Exploring Papakāinga: A Kaupapa Māori quantitative methodology

Ella Henry; Charles Crothers

Abstract – Tuhinga Whakarāpopoto

This paper offers a strategy for gathering and analysing large-scale data. The aim is to understand how Māori might better fulfil aspirations for the designing, financing, and building of housing, as well as perceptions of housing and papakāinga, and the contribution this has to Māori wellbeing.

The researchers say a study of this kind will contribute new knowledge and better understanding of Māori aspirations, in this case around housing, but that there is potential for such a methodology to be applied to a range of issues, where the data collected will contribute to improved wellbeing for Māori.

Articles associated with this research – Karere Tūhono

Podcast Series: Papakāinga People

13 August 2019: This podcast focuses on a papakāinga (settlement of homes and associated environment) in Ahipara where the whānau of Rueben Taipari (Ngāpuhi, Te Rarawa, Ngāti Kahu, Ngāi Tuhoe) are building a papakāinga of muka-reinforced, cement-stabilised rammed earth homes – or whare uku – on Rueben’s ancestral whānau whenua. Dr Rebecca Kiddle talks to Rueben, his wife, Heeni Hoterene (Ngāti Hine, Ngāti Raukawa ki te Tonga, Ngāi Tahu) and their tamariki to understand the everyday realities of life on the papakāinga. Rebecca also talks to Dr Helen Potter, a researcher working alongside the whānau to tell their story in an upcoming book on Māori Housing being produced by the Kāinga Tahi, Kāinga Rua research programme. >> Read More.

Podcast Series: Papakāinga in the 21st Century – Going up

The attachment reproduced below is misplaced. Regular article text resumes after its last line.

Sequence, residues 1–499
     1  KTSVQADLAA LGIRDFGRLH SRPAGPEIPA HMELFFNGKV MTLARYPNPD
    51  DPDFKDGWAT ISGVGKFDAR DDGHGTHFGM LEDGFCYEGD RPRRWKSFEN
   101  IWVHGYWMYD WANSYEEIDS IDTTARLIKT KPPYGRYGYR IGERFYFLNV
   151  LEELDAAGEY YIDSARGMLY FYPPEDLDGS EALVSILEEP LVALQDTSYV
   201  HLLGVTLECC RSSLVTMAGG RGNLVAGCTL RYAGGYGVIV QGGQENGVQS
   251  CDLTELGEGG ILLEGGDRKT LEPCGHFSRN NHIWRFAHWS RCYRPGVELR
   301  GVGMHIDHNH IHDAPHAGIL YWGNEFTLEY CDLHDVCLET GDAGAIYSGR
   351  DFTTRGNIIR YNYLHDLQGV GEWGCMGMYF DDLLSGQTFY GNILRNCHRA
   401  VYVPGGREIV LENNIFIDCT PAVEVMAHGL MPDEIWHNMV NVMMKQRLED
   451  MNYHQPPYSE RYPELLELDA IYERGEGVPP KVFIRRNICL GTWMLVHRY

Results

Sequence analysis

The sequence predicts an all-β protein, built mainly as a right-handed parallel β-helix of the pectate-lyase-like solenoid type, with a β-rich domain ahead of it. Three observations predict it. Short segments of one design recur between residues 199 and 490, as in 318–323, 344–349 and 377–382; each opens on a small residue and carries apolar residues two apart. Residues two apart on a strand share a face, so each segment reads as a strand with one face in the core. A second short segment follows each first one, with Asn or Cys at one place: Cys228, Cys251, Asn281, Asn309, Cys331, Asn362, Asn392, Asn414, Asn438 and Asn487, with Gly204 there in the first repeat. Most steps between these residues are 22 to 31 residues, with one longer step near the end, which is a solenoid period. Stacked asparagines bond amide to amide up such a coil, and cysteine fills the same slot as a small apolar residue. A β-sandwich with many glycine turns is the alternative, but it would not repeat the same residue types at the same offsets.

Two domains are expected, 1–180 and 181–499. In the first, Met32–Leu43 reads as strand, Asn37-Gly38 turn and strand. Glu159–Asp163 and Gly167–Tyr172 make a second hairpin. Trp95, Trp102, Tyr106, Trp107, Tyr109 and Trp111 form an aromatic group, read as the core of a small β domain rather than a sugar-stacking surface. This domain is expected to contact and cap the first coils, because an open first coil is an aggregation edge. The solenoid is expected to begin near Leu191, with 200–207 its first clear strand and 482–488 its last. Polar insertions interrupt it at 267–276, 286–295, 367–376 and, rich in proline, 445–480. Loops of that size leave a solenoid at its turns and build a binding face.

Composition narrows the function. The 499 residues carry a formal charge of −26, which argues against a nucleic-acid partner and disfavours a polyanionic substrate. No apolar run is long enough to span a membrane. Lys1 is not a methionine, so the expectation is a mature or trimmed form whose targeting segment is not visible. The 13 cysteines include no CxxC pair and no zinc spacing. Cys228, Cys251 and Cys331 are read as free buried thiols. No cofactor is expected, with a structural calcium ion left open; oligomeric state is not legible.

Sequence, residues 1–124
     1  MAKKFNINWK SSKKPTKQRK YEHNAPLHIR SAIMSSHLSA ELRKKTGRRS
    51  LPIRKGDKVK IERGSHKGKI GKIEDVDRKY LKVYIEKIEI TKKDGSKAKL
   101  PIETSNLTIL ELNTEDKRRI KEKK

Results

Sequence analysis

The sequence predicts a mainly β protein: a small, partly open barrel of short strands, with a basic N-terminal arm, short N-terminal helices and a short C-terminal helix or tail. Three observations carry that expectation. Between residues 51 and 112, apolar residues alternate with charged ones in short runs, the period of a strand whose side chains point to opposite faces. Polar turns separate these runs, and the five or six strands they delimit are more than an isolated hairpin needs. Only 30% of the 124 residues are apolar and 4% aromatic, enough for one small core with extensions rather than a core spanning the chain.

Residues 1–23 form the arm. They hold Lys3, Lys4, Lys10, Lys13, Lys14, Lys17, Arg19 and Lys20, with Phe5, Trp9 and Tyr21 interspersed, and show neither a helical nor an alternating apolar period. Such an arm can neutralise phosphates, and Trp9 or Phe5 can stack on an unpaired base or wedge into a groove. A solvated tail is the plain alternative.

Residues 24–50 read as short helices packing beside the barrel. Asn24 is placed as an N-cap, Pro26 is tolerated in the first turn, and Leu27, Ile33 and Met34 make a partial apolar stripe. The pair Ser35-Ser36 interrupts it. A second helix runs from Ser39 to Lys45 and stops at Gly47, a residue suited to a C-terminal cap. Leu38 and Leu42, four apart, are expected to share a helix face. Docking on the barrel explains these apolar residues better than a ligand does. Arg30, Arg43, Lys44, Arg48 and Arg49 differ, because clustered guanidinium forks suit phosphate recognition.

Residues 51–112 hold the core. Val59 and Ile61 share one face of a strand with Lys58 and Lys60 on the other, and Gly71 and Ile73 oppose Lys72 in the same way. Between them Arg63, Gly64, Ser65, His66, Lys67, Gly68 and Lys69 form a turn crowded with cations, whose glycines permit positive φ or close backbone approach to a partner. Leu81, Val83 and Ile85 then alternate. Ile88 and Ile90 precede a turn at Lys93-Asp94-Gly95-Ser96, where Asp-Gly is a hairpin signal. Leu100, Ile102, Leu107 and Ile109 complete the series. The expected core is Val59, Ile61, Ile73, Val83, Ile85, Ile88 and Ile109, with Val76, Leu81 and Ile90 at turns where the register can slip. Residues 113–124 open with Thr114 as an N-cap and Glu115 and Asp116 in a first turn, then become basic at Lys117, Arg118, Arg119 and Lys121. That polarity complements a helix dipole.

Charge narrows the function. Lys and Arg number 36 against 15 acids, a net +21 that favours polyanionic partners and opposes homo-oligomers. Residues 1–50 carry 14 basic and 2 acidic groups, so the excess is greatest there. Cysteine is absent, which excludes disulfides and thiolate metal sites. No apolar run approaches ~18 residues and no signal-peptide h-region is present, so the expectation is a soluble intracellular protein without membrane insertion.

14 August 2019: Building papakāinga in urban settings where land is expensive and in short supply, is the focus of today’s papakāinga. Ngāti Whātua Ōrākei have been grappling with exactly these questions on their Orākei whenua. Dr Rebecca Kiddle explores with Anahera Rawiri from Ngāti Whātua Ōrākei, alongside researchers Rau Hoskins and Irene Kereama-Royal, the notion of a ‘vertical papakāinga’. They have been working to understand whether this apartment housing typology fits well with the ways that Ngāti Whātua Ōrākei have historical lived and how they want to live in the future. This innovative exploration builds on their existing papakāinga development that draws on medium density housing typologies to use land efficiently and house as many of their whanau as possible. >> Read More.

Other reports associated with this research

Berghan, J. (2020). Ecology of community: Exploring principles of socially-based tenure in urban papakāinga and cohousing communities (Thesis, Doctor of Philosophy). University of Otago. Retrieved from http://hdl.handle.net/10523/10529

Berghan, J. (2021). Kaupapakāinga: The potential for Māori cohousing. Report for Building Better Homes, Towns and Cities: Affordable Housing for Generations. September 2021, 37 pgs. Wellington: BBHTC.

Berghan, J., Goodwin, D. & Carter, L. (2018). Remaking community: Building principles of communal tenure into contemporary housing developments. In Remaking Cities: Conference Proceedings, pp. 45-51. Melbourne: RMIT university.

Hoskins, R., Lee-Morgan, J., Knox, W., Dennis, H., Henry, L., Nathan, L., Smiler R. & Ratana, M. (2019). Tūranga ki te marae, e tau ana – Reimagining marae-based kāinga in Tāmaki Makaurau. A resource to support urban marae-based housing developments, funded by Building Better Homes, Towns and Cities: Kāinga Tahi, Kāinga Rua, 80 pgs. Auckland: Ngā Wai a te Tūi Press

Keywords – Kupu Hāngai

Māori, housing, wellbeing, making communities, urban wellbeing, papakāinga, cohousing

Fields of Research – Āpure Rangahau

Māori; Papakāinga; Urban Development; Urban Planning


Date – Te Wā Whakarewa



Type – Te Auaha


Citation – Kupu Hautoa

Henry, E. & Crothers, C. (2019). Exploring Papakāinga: A Kaupapa Māori quantitative methodology. Report for Building Better Homes, Towns and Cities: Kāinga Tahi, Kāinga Rua, project 8 – Papakainga Whenu 3, May 2019. Wellington: BBHTC